Contact Us

Assessment Insights

Who Has Time to Innovate? Part 4 of 5

[fa icon="calendar"] January, 2017 / by Dr. Stuart Kahl

Dr. Stuart Kahl

How can we find time to collaborate and learn from each other?

We all want to implement constructive, innovative approaches to education and assessment, but that’s easier said than done. One thing we hear from state and local assessment staff is that educators’ time is already short, making it daunting to create and evaluate new possibilities, much less to try new things in schools.

We’ve identified 10 sources of time pressure that might create roadblocks to innovation.

Top 10 Time Issues

Over Testing: Too Many Tests

Time to Innovate in the Classroom

Over Testing: Tests Too Long

Data Overload—Time to Process Information

Turnaround Time for Test Results

>>Time for Teachers to Collaborate in School

Time to Personalize Instruction

>>Time to Collaborate beyond School

Time for Students to Reflect

Initiative Fatigue—Time to Prepare to Innovate

This is the 4th of 5 blogs covering these topics, explaining the issues and offering suggestions to and information. In this post, we’ll cover the challenges teachers face in finding time for valuable collaborations with colleagues and others.

Time for Teachers to Collaborate in School

What’s the problem?

Typically, teacher teams meet all too infrequently during the school year—often only on a few in-service days or for very limited periods on a more frequent basis.

“One-shot deals” still dominate teacher professional development opportunities.

What can we do?

The most effective professional development is ongoing, on-the-job, and collaborative. Ideally, teacher teams should meet at least once a week for as much as two hours. They can use that time to discuss activities to try in their classes, review resulting student work, and debrief. Initially, outside facilitators for these sessions would be a good use of professional development dollars.

School leadership needs to play a role in scheduling to allow these teacher interactions to take place. (The same is true for changing grading practices as suggested under “Data Overload” in part 3 of this series.)

Time to Innovate in the Classroom

What’s the problem?

Consistent with all the concerns mentioned above, there just doesn’t appear to be any time for cross-school or school-community collaboration. 

What can we do?

A partial solution to this problem is discussed under “Personalizing Instruction” in part 2 of this series: Effective formative assessment and 21st century learning call for different ways for teachers and student to spend their time. Many proven practices can actually free up teacher time.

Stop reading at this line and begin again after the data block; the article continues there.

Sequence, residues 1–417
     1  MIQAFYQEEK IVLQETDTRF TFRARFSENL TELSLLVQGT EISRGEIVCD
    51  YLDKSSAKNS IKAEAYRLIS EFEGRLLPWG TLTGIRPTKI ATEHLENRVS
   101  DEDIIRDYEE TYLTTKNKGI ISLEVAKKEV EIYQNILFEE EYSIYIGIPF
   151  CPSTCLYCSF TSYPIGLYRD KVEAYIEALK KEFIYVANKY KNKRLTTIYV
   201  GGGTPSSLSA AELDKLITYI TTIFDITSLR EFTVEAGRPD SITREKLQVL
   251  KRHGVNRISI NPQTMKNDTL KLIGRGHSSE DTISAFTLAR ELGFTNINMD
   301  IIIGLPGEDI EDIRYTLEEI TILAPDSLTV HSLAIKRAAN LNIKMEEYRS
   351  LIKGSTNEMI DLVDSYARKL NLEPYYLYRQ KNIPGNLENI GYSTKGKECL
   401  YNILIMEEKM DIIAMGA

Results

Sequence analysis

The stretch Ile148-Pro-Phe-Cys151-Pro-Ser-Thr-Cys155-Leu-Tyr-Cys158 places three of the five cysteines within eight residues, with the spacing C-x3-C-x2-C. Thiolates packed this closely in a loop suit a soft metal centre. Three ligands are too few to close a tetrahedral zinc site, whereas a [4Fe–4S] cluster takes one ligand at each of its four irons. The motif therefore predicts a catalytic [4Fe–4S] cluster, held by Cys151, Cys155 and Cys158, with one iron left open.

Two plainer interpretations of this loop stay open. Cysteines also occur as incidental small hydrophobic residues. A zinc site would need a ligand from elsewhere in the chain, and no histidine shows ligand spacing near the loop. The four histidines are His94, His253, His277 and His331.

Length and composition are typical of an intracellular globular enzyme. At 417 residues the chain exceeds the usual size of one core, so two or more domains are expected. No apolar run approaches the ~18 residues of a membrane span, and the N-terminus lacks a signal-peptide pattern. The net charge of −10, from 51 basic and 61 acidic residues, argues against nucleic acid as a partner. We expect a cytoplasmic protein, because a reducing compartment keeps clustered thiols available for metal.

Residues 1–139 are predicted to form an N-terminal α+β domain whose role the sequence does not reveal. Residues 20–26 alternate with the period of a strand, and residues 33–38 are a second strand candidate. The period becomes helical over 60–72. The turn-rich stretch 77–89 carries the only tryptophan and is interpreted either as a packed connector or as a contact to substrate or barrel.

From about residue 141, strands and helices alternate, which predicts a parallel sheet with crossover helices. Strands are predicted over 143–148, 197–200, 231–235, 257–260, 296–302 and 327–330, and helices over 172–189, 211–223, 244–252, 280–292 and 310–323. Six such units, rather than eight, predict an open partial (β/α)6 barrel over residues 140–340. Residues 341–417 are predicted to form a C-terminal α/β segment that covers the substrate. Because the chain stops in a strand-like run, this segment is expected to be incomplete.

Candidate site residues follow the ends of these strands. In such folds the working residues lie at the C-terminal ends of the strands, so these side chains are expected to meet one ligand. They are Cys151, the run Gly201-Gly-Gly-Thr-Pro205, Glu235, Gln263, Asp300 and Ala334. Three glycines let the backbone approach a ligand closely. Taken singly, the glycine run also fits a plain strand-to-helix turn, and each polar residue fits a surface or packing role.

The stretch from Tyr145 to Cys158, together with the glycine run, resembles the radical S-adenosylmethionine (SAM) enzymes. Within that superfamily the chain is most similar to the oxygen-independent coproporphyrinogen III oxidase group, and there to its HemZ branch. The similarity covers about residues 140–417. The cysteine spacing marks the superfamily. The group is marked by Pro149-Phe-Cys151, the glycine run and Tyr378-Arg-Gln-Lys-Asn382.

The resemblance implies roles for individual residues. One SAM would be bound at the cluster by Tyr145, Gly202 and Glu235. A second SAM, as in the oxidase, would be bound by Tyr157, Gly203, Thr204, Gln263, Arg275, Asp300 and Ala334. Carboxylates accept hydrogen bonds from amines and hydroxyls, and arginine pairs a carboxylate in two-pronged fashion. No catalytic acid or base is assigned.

Use of resources outside the schools (museums and science centers, for example) should not be seen as additional burdens. Coordination of offerings from such organizations, perhaps part of summertime planning, can enhance and even replace existing units of instruction. Formative and summative assessment activities should be integral parts of these replacement units. Of course, using online resources can be a time-saver as well.

Students can be given responsibilities for coordinating out-of-school projects, with the help of parents and the support of local businesses.

State-sponsored professional development (e.g., Michigan’s FAME program) can build statewide communities of learning with face-to-face activities during the summer. Frequent online interactions (webinars) throughout the year can help teachers continue the discussions and take the place of some of the learning team meetings recommended above.

In the next and final post of this series, we’ll cover Initiative Fatigue—Time to Prepare to Innovate.

Topics: Formative Assessment, Accountability, Connecting Teaching and Learning

Dr. Stuart Kahl

Written by Dr. Stuart Kahl

As founder of Measured Progress, Dr. Stuart Kahl contributes regularly to the thought leadership of the assessment community. In recent years, his particular interests have included formative assessment, curriculum-embedded performance assessment, and new models for accountability assessment programs. The Association of Test Publishers (ATP) awarded Dr.Kahl the 2010 ATP Award for Professional Contributions and Service to Testing. He regularly publishes research papers and commentaries introducing and analyzing current issues and trends in education, and as a frequent speaker at industry conferences, Dr. Kahl also serves as a technical consultant to various education agencies.